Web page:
• In addition to what I already said, free speech has nothing to do with this.  MS is a private company not the US government.  Your right to free speech does not allow you to post your thoughts, materials, etc. on a private companies services/property without restrictions.  News papers and most magazines don't have to allow the KKK to advertize in the classified section if don't want that kind of material in their media.  You don't get to upload and share a copyrighted movie on OneDrive and claim freedom of speech either.  If freedom of speech applies here at all, it is Microsoft's freedom to control what is said and done with their private property and services.
  • You're right but then what happens when they're doing this under political arm twisting by groups following an agenda, be it the for-profit race-baters of a group like SPLC or the bureaucrats at the DoJ? Are we supposed to get acclimated to hybridized mix of totalitarianist, fascist, and communist tactics and accept it to so that they can eventually take the hand after the finger?   There's a reason why they are attacking free speech in EVERY possible avenue under the guise of erroneous "racism", bullying, "Sexism", "national security", etc, etc, etc. all of the sudden - all at the same time.
  • What you are describing would be a violation of freedom of speech and freedom of the press.  That is not even close to the same thing as a private entity deciding what is appropriate use of their own property.  As a matter of fact, it is the complete opposite.  Therefore, your argument that this is a 'slippery slope' makes zero sense because these slopes go in opposite directions.  You are basically suggesting that MS should be forced (by whom?) to host terrorist propoganda against their will so that the government can't later force MS to filter other things even though the government can't legally do that anyway. Also, I keep hearing people talk about how "freedom of speech is under attack" any time someone challenges their xenophoblic rants.  There are two logical problems with this.  First, the people claiming this are usually saying it publically and often on the national news to a massive audience.  Clearly, their voice is being heard by a lot of people so it doesn't make a lot of sense to claim their freedom of speech is under attack.  If anything, those people are getting more airtime than most since there is entertainment value in their rhetoric.  Secondly, these people usually consider the "attackers" to be other private companies or individuals that disagree with them.  So what they consider an "attack on their freedom of speech" is actually their desire to say things that a lot of people disagree with, without allowing those people to voice their own opinion.  In other words, they consider opposing opinions (other people's freedom of speech) to be a violation of their freedom of speech.  You mentioned Facebook in another post as an example of violating peoples freedom of speech.  Facebook is a private company that has a vested interest in keeping their content free of extremism, misinformation, and offensive content.  They are not the government and they don't owe you any rights.  Furthermore, Facebook is also the only mainstream place I visit where I routinely see people posting rediculous conspiracy theories, misinformation, and bigotry.  Everything from chem trail mind control to the US government hiring Russian Mercs to take our guns away, or crap about vaccines causing autism, or just plain racism.  This kind of viral nonsense propaganda is dangerous and makes people dumber.  I would hope that Facebook is doing something to filter this kind of misinformation from their currated news feed, but to those people that have already been brainwashed by this propaganda it will always look like censorship and a government conspiracy.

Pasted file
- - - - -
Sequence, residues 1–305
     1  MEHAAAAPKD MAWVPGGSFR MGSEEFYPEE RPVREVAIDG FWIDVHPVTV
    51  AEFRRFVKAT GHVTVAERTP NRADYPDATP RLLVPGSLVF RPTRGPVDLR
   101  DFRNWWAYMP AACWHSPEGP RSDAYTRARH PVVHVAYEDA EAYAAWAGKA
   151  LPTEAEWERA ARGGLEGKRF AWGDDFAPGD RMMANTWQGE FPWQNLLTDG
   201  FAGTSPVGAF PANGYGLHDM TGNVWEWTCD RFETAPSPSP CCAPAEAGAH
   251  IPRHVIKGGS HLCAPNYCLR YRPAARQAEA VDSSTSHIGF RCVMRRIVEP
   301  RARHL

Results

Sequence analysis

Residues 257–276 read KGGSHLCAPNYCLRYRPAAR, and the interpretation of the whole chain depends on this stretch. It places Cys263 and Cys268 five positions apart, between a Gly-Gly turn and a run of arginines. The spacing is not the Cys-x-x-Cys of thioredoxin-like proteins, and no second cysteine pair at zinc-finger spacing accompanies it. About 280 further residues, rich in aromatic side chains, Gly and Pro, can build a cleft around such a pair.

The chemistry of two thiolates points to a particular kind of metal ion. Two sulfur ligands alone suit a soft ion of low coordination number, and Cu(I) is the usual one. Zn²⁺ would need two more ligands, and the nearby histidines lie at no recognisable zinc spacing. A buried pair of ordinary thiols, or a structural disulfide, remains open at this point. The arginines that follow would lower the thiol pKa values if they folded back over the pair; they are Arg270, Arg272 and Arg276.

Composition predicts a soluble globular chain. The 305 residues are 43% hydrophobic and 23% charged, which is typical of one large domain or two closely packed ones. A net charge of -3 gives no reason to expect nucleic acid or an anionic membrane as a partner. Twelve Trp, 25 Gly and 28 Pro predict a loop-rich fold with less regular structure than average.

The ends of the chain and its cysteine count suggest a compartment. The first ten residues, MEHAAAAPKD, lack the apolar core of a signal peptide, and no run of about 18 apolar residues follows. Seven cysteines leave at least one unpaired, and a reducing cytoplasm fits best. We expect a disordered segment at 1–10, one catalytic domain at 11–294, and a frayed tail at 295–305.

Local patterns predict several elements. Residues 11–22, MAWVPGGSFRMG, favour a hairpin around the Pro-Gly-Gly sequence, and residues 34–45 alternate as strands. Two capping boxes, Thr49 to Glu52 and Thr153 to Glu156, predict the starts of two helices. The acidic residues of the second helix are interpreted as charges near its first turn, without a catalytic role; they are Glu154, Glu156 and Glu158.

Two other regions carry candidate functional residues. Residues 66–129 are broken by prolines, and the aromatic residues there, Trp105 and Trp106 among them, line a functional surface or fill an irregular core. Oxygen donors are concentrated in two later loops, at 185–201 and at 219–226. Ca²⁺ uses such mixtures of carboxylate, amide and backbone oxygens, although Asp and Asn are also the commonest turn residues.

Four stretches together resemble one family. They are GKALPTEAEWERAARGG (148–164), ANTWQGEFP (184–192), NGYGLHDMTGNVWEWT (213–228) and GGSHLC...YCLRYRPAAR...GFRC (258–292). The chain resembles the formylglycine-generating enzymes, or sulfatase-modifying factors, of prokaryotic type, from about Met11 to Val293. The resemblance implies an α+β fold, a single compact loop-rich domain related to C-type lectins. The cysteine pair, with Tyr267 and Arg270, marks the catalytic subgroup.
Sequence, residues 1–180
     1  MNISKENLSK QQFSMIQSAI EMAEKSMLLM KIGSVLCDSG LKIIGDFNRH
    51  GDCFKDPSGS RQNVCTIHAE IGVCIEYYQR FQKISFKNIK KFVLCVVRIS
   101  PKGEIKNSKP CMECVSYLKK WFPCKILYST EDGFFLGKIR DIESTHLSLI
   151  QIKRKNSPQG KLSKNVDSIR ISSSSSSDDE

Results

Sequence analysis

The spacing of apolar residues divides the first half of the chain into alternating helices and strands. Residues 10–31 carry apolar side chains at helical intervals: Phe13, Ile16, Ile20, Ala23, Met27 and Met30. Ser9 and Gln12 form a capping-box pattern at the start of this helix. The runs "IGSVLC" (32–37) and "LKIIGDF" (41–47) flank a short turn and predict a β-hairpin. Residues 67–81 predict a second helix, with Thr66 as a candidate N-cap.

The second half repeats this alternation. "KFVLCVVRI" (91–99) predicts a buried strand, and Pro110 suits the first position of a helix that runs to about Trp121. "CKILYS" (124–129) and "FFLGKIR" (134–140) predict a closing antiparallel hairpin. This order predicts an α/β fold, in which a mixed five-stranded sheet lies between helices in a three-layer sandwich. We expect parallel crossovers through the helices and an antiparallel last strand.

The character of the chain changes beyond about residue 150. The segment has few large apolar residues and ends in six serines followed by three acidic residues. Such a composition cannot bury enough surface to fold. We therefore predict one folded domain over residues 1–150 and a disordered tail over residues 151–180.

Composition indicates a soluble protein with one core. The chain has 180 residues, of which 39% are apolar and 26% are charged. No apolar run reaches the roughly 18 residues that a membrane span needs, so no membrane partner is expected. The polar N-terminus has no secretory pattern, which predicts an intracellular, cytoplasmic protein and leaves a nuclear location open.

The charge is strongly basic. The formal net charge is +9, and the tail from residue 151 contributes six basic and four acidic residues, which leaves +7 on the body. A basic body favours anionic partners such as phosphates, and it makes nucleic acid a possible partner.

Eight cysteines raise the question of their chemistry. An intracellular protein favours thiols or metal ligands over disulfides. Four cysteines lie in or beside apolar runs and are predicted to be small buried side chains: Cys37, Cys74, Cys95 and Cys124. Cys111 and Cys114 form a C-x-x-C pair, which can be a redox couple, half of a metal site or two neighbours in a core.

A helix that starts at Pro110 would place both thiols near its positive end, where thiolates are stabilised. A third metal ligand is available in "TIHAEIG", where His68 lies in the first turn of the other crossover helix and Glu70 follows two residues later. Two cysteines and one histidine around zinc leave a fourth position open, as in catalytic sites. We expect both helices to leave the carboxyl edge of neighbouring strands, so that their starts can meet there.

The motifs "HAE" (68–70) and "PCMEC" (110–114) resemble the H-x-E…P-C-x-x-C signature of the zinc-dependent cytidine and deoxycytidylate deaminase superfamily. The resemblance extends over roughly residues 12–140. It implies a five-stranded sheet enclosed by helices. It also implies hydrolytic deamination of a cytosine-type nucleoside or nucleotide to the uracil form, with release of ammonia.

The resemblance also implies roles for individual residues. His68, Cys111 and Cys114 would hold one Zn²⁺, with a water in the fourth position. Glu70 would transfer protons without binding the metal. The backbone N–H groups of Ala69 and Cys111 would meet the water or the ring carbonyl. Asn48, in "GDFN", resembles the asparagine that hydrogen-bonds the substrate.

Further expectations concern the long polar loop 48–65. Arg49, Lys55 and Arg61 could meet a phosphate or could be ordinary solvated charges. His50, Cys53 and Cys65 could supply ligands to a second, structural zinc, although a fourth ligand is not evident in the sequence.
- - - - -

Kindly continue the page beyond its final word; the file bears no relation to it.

• It cuts both ways Cleavitt. Punishing students for putting up Trump or Blue Lives Matter's posters and allowing other groups to freely express themselves is a problem IMO. I'm completely OK with people protesting but when it turns to breaking the law to stop a rally or speech is wrong. If you just want to pat each other on the back, close your eyes and cover your ears because you are too closed minded to listen to other viewpoints you are not a participant in free speech. Both sides are guilty of this.
  • While I like the "idea" of what is being proposed and want to applaud it, the execution of it is dangerous and prone to radical shifts in ideology. The idea of a "terrorist" is relative to the perspective of the beholder (i.e. Just look at the prior "Zionist" comment above. Often that term goes hand-in-hand with the desire to see Israel and and the Jewish people wiped off the face of the earth.) Obama has compared the House republicans to ISIS and implied that their tactics are similar. The UN may be on the verge of considering Israel a terrorist state. In places like Iran, non-Muslims are imprisoned for "terrorist activities against the state" and "inciting the public" for simply talking to someone else about a God other than Allah or having meetings about such things. Saying you are going to sensor "terrorism" and then allowing a foreign government to determine what that means seems like a risky proposition to me. I don't know if there is an easy answer for this one.
  • I hope they really live up to it and not forget about it like the pledge they took to cleanse the Windows Store.
  • Microsoft and Bill Gates are supporters of the NWO, so is anyone really surprised?
  • Wonder if they'll define 'terrorist' like government does, very vaguely. You don't defeat extremism by censoring it, you defeat it with mature and rational argument.
  • "Who decides?" -U.S. Supreme Court Justice Antonin Scalia, RIP
  • So are they going to stretch this to include veterans, constitutionalists, populists, etc. like the rest of the fascists - with facebook being a recent example under command of NGO's and the more corrupt end of the government alike? I get plenty of people to stay away from google by encouraging to research what they are. Not going to have a problem doing the same to microsoft if they pull this same crap.
  • Good. Killary needs to be taken off the internets.
  • Well, duh...
  • If you offer a service and said service is being used in a way that does not jive with the majority of the population, or even the executives who run such a service, it is totally within their right to control how their service is used. For something like preventing globally recognized terrorist organizations from using such services to promote ill will, I find it discouraging to see others perceive it as an "attack" on 1st Amendment rights...*sigh*